In The Woman Warrior Kingston speaks for her female ancestors; in her next book, China Men, she provides a voice for her male relatives. Early in China Men she addresses her father, asking him why he was silent and refused to tell her his stories. Because of his reluctance to talk about the past, Kingston speaks for him and for her other male relatives, creating what she does not know.
Kingston relates the experiences of her father in two sections. The first of these, “The Father from China,” is about his accomplishments as a scholar in his Chinese village and his early success in New York, when his laundry business was prospering. This father, lighthearted and popular, Kingston never knew. In “The American Father,” Kingston presents a later period when her father, burdened with the responsibility for a large family, grew quiet, depressed, and stern. This was the father Kingston knew.
In “The Great Grandfather of Sandlewood Mountains” Kingston tells of two of her great grandfathers who planted sugarcane in Hawaii. In “The Grandfather of the Sierra Nevada Mountains” she relates her grandfather’s adventures in the United States, where he traveled three times. The first time he worked on the California railroad; the last time he became a vagrant, and he was able to return to China only with the financial support of his relatives. It was, however, through him that his family was later able to claim American citizenship, for he had argued, convincingly but falsely, that the documents proving his citizenship were destroyed in the San Francisco earthquake. Kingston also includes the story of an uncle who abruptly left a comfortable life in the United States to escort his mother’s ghost back to her grave in China, as well as the story of Kingston’s brother, who served in Vietnam. Blended with these biographical sketches are historical records and tales of mythic Chinese figures, as well as the effect of U.S. policies on Chinese immigrants. Like The Woman Warrior, China Men is a testament to survival; it is about forging an identity in an alien culture. It was named a finalist for the 1981 Pulitzer Prize for general nonfiction and won the 1981 National Book Award.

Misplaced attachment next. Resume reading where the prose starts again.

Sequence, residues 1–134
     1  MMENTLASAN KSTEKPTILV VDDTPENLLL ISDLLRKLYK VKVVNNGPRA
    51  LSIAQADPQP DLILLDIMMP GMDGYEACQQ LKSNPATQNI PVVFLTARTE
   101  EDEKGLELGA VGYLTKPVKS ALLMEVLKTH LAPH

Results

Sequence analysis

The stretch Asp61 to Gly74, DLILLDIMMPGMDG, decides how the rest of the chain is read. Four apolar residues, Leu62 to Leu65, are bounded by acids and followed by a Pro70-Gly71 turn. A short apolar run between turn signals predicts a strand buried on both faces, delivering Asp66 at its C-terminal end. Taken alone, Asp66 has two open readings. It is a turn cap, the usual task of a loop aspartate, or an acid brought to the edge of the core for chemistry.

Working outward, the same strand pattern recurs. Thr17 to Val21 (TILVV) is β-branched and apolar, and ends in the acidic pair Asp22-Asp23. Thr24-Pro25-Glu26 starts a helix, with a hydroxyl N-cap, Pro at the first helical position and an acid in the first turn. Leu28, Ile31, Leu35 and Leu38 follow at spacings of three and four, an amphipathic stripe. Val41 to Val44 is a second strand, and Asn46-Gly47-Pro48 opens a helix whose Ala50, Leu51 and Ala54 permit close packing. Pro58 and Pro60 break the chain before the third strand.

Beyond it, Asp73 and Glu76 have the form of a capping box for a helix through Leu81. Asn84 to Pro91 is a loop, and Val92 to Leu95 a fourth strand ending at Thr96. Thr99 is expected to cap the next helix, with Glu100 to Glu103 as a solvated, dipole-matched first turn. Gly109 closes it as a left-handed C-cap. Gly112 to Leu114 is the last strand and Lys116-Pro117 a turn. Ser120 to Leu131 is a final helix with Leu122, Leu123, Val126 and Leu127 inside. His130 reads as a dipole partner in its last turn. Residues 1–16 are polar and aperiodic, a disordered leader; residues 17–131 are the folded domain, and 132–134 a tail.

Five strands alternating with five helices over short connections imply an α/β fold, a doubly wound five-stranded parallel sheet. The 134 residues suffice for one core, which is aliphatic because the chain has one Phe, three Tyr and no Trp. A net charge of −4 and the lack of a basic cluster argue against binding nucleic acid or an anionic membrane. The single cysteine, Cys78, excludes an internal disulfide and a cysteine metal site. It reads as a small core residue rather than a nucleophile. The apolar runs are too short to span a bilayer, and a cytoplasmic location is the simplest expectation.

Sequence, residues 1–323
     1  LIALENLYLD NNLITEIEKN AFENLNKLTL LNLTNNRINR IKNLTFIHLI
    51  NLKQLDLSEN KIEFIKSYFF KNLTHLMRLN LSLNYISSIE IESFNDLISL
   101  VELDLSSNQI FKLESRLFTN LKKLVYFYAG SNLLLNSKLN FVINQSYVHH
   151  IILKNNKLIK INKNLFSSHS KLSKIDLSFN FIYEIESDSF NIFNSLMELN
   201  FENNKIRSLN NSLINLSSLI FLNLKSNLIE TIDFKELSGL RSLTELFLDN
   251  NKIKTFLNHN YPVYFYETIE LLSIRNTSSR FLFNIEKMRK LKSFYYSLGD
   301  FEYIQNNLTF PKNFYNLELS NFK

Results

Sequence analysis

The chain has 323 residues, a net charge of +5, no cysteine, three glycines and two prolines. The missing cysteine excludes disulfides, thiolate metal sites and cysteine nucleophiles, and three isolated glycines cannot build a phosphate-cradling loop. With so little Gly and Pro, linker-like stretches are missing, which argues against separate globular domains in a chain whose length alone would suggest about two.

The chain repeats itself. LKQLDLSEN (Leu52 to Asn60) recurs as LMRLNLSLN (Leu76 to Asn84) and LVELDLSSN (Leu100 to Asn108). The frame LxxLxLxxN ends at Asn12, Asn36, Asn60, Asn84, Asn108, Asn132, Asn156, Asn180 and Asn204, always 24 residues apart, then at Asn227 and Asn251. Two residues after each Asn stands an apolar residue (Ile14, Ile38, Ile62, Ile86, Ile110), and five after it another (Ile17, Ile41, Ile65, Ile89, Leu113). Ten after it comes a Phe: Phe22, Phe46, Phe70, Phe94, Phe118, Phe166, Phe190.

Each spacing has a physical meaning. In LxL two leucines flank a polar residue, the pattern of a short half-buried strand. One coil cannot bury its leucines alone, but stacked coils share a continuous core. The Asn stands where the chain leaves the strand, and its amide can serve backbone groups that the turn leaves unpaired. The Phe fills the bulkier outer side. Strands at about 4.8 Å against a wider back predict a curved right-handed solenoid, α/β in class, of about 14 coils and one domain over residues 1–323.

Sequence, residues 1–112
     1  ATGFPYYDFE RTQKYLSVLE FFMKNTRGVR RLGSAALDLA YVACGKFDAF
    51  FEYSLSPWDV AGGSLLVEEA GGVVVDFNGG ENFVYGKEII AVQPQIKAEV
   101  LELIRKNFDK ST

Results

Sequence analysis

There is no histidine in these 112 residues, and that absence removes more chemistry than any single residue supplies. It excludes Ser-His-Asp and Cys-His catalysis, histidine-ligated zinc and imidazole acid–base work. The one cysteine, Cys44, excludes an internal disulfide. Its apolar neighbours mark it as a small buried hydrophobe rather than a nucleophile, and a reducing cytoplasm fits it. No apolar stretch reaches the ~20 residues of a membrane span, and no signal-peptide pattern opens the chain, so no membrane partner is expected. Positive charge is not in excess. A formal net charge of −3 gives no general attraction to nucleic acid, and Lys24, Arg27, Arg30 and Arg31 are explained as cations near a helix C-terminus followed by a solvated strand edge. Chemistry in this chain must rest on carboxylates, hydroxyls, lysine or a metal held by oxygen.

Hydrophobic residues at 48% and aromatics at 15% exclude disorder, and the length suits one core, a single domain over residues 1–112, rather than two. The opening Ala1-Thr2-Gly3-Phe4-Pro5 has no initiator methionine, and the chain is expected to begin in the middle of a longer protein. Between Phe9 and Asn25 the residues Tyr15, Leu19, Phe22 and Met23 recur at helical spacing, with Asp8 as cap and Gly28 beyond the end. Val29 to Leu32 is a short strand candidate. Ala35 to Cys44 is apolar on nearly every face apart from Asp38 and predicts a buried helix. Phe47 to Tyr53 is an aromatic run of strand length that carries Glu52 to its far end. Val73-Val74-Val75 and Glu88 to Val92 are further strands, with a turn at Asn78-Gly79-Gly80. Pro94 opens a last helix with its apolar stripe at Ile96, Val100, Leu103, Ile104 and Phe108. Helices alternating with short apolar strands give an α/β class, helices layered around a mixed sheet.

In her 2012 memoir I Love a Broad Margin to My Life, Kingston uses free-verse poetry to relay her contemplations on ageing and reflections on life events such as her arrest at an antiwar protest and her visit to her ancestral homes in China. Reviewers noted its Whitmanesque style and the title's reference to Henry David Thoreau's poetry.